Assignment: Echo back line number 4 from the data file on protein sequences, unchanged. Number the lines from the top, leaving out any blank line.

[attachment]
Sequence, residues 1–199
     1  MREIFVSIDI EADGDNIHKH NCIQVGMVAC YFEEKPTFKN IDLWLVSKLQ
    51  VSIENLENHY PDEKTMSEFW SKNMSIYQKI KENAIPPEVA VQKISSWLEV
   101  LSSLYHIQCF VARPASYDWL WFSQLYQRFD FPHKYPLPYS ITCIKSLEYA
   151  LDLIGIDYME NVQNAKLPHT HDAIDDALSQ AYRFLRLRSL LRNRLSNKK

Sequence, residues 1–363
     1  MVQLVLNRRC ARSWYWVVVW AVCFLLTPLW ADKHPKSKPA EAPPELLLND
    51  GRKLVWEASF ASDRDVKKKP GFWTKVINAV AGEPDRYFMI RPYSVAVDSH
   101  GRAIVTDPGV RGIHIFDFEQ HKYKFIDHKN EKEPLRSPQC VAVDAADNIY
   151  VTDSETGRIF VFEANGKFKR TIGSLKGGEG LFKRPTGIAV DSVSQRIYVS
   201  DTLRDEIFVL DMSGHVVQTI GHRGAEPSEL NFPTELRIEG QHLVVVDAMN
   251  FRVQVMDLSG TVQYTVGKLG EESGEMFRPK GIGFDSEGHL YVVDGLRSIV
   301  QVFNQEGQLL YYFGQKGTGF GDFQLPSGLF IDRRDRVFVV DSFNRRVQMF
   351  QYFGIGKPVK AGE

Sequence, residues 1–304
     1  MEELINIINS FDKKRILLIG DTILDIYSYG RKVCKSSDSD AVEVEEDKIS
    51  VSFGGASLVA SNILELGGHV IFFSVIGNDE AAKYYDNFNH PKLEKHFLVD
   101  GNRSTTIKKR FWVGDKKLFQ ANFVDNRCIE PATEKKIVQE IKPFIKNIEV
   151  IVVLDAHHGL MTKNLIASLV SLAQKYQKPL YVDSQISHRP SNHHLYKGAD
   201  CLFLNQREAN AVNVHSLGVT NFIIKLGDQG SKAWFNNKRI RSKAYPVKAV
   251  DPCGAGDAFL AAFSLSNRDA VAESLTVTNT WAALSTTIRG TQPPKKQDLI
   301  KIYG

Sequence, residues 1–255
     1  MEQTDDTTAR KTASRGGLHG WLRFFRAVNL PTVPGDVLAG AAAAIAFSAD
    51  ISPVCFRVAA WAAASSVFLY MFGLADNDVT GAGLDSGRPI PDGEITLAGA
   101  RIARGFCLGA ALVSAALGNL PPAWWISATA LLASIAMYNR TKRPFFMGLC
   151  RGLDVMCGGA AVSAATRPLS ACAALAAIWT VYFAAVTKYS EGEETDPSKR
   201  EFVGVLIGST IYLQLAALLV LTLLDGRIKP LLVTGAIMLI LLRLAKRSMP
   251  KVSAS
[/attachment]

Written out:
   101  LSSLYHIQCF VARPASYDWL WFSQLYQRFD FPHKYPLPYS ITCIKSLEYA